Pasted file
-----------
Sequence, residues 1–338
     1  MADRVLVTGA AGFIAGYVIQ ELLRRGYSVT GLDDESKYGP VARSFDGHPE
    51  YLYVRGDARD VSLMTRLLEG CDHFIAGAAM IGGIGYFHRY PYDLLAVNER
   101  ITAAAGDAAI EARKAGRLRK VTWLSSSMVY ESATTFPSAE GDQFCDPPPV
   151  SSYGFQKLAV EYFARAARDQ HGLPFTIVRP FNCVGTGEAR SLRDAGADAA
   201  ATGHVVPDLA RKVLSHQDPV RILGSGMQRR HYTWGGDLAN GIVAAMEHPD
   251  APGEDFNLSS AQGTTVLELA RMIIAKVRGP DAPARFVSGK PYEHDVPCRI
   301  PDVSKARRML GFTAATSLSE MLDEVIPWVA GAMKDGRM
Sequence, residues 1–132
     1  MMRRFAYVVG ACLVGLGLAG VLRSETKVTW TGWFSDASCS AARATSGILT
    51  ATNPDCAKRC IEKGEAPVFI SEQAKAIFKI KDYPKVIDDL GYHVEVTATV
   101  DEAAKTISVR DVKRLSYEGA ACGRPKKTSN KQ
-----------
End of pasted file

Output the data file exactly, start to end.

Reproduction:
Sequence, residues 1–338
     1  MADRVLVTGA AGFIAGYVIQ ELLRRGYSVT GLDDESKYGP VARSFDGHPE
    51  YLYVRGDARD VSLMTRLLEG CDHFIAGAAM IGGIGYFHRY PYDLLAVNER
   101  ITAAAGDAAI EARKAGRLRK VTWLSSSMVY ESATTFPSAE GDQFCDPPPV
   151  SSYGFQKLAV EYFARAARDQ HGLPFTIVRP FNCVGTGEAR SLRDAGADAA
   201  ATGHVVPDLA RKVLSHQDPV RILGSGMQRR HYTWGGDLAN GIVAAMEHPD
   251  APGEDFNLSS AQGTTVLELA RMIIAKVRGP DAPARFVSGK PYEHDVPCRI
   301  PDVSKARRML GFTAATSLSE MLDEVIPWVA GAMKDGRM
Sequence, residues 1–132
     1  MMRRFAYVVG ACLVGLGLAG VLRSETKVTW TGWFSDASCS AARATSGILT
    51  ATNPDCAKRC IEKGEAPVFI SEQAKAIFKI KDYPKVIDDL GYHVEVTATV
   101  DEAAKTISVR DVKRLSYEGA ACGRPKKTSN KQ